St Eligius is particularly honored in Flanders, in the province of Antwerp, and at Tournai, Kortrijk, Ghent, Bruges, and Douai. During the Middle Ages his relics were the object of special veneration, and were repeatedly divided and transferred to other resting-places, in 881, 1066, 1137, 1255, and 1306. A mass of legend has gathered round the life of Saint Eloi, who as the patron saint of goldsmiths is still very popular. He is the patron of goldsmiths, blacksmiths, and all workers in metal. He is generally represented as a bishop, a crosier in his right hand, holding a miniature church of chased gold on the open palm of his left hand. St. Eligius is also the patron saint of cattle and horses. (Dr. Wayne Fiscus, an intern at St. Eligius Hospital, would say that he was the patron saint of longshoremen and bowlers.)

Fiscus "met" St. Elligius in a coma dream after he was shot in the episode "After-Life"......

And to make this a "Two For Tuesday", here is the Boston hospital that was named after him..... My Iddiot friend and companero Brian Leonard secured for me these images of Saint Eligius and my VERY grateful thanks go out to him.....


Monday, November 30, 2009


On the night before Thanksgiving, I found a little shout-out for myself as well as for my late Dad while watching 'The Late Show with David Letterman'.

At the end of his annual pie-guessing chat with his Mom back in Indianapolis, Dave held up the Pie Pool chart for 2009 to show who had the winning combination this year. (The pies baked by Dave's Mom were the usual pumpkin and a raspberry pie.)

Among those who entered in the competition was a "Tom O'B". In fact, he bought a chance on two squares.

My actual name is Thomas O'B, but I'm also Thomas O'B III in my family. Even before birth I was being called by the sound-out of my initials: TO'B... Toby. I've always preferred being known as Toby and would have legally changed it long ago, except that I hold my original name in trust and in memory of my Dad.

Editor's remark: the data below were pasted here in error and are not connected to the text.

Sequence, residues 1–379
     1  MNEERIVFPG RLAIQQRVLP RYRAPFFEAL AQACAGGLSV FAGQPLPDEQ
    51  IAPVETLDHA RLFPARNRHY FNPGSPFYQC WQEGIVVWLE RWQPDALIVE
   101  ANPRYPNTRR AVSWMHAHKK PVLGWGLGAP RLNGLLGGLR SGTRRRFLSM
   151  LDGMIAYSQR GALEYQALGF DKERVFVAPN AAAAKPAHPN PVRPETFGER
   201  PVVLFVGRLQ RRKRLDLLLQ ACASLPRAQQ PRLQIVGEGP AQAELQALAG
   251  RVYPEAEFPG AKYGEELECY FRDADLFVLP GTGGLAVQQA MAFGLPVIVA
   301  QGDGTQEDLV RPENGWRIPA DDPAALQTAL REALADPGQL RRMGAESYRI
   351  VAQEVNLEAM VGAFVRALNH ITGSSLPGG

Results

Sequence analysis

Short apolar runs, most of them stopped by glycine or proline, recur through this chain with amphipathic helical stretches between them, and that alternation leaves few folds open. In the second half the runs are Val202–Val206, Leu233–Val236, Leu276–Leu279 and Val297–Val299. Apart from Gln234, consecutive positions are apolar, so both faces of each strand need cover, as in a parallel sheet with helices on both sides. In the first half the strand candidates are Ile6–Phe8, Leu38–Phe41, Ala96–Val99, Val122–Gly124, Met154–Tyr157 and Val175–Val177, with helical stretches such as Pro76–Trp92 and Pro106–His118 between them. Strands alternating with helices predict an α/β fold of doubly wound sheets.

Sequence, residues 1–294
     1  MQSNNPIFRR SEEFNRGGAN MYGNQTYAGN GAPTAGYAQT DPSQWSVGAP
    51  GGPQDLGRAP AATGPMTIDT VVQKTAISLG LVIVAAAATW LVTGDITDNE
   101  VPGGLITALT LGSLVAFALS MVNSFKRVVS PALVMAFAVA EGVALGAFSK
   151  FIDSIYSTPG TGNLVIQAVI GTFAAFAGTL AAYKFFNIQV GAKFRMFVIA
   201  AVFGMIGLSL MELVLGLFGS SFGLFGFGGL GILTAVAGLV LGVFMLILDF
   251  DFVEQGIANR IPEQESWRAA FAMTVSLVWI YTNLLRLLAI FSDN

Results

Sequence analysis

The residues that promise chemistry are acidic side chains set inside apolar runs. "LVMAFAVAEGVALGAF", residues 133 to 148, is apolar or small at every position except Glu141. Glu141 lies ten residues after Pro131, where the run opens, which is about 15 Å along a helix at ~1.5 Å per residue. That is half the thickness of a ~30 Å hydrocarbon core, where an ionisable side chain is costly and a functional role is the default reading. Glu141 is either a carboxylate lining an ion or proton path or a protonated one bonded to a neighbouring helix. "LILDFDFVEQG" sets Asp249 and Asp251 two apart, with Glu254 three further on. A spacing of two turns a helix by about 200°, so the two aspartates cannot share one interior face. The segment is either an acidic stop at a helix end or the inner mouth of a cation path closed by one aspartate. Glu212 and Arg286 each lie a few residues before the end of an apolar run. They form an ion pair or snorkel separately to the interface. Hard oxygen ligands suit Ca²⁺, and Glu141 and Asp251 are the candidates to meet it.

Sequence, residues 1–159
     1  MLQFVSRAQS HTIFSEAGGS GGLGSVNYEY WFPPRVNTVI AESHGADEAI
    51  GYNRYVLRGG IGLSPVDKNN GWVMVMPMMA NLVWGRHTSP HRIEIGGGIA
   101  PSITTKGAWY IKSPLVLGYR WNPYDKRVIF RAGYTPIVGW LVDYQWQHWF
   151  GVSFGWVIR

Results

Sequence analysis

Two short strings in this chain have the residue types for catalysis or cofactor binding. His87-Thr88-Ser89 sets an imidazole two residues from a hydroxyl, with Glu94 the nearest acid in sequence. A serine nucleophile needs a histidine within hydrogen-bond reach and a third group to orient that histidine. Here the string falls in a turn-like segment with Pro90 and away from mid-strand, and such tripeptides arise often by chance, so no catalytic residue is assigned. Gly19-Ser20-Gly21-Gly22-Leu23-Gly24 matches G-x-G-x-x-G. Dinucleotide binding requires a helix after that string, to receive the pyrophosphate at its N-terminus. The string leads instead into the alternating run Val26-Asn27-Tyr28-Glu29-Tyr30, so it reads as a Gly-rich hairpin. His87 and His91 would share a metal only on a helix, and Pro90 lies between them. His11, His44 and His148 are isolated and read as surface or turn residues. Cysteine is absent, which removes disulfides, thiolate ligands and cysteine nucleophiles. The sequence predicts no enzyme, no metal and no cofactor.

I'm pretty sure I haven't done a very good job in keeping it with honor.... Oh well. Anyhoo, all O'Briens are kin (Nuts to you, Hugh O'Brian!) so I'm claiming this particular Tom O'B as a cuz!



It could be that the Mexican village near the border of the United States that served as the base of operations for the attacks on US forts (as seen in the three-part 'Branded' episode "The Mission") could have been the same village where Dave Blasingame saw a local despot brought down by the peasants he was trying to control. This happened in an episode of 'The Westerner' which I had seen on TV Land once - back when TV Land actually showed some interesting TV classics. I'm not sure which episode it was, but I get the feeling it could have been "Ghost Of A Chance":

Dave has been promised $50 to deliver a message to a man's brother in a small, sleepy little village across the border in Mexico-- but when he arrives, he finds the whole town totally deserted.

"Ghost of a Chance": Dave and a Mexican woman free a terrorized town from bandits.

Hopefully someday I can track down that episode of 'The Westerner' so that I can do a screen captcha for comparison. In fact, now I'm in the mood to seek it out on bootleg DVD!



Everybody who ever watched 'The Big Valley' knows that Tom Barkley, the deceased patriarch of the Barkley clan, was a horndog. He had an illegitimate son named Heath by an Indian woman who was accepted into the family. (I'm not sure if we ever found out if that had been a loving relationship, or the result of a one-night stand... heck, for alls I know, it could have been rape!)

Tom Barkley cheated on his wife Victoria once; who's to say he didn't do so other times as well, all over the American West?

Perhaps even south of the border.....? In a small village just over the border in Mexico which served as the base of operations for General Arriola's sorties against US forts, undercover spy Jason McCord made first contact with one of Arriola's men, a thuggish bandito named Crispo.

Because of his similarity in appearance to Nick Barkley, it will be my assertion that Crispo was the bastard son of Tom Barkley by some Mexican peasant woman. Crispo was finally captured by US troops and was more than likely hanged for his crimes, including the murder of Colonel Harry Snow. He probably went to the gallows never knowing that he may have been the son of Tom Barkley. But then, he probably would not have cared...... (For those not familiar with the Toobworld concept, this is just a "splainin" as to why both characters - both of whom were played by Peter Breck in the real world - looked similar within the reality of the TV Universe.)



"The Tragedy of John Milton (August 13, 1660)"

'You Are There'

Grant Gordon

Sir William Davenant (baptised 3 March 1606 – April 7, 1668), also spelled D'Avenant, was an English poet and playwright. Along with Thomas Killigrew, Davenant was one of the rare figures in English Renaissance theatre whose career spanned both the Caroline and Restoration eras, and who was active both before and after the English Civil War and the Interregnum.